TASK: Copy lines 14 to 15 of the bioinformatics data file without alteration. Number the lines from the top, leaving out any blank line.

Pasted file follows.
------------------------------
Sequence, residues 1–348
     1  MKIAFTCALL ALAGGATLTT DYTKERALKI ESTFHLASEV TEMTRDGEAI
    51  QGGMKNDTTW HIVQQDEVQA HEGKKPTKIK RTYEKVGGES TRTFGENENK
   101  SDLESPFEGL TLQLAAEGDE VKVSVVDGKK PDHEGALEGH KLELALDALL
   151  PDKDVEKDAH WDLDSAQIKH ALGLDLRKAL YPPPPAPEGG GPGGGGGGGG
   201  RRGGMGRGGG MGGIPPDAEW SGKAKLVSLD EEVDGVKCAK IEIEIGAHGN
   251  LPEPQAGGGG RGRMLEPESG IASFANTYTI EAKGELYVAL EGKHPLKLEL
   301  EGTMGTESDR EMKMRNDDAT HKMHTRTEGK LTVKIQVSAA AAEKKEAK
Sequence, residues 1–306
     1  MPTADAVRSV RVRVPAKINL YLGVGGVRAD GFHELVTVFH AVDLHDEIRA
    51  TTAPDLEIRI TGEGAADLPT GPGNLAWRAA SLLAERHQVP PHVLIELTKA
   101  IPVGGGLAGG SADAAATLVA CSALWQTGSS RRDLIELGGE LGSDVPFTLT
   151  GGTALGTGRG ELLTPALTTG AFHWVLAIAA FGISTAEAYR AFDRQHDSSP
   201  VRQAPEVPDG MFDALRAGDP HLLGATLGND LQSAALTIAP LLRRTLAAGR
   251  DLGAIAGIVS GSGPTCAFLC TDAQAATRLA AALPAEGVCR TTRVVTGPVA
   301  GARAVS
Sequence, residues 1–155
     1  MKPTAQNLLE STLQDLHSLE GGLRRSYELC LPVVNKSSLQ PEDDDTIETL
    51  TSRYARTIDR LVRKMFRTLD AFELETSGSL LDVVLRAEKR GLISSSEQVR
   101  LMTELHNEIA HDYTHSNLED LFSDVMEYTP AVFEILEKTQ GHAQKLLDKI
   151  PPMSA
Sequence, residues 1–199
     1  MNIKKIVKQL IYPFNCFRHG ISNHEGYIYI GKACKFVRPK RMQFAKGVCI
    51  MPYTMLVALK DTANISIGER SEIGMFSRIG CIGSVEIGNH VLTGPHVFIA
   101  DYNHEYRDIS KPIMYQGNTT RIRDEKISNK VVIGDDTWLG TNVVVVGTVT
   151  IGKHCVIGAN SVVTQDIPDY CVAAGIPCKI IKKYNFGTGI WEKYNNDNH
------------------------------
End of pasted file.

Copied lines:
   201  VRQAPEVPDG MFDALRAGDP HLLGATLGND LQSAALTIAP LLRRTLAAGR
   251  DLGAIAGIVS GSGPTCAFLC TDAQAATRLA AALPAEGVCR TTRVVTGPVA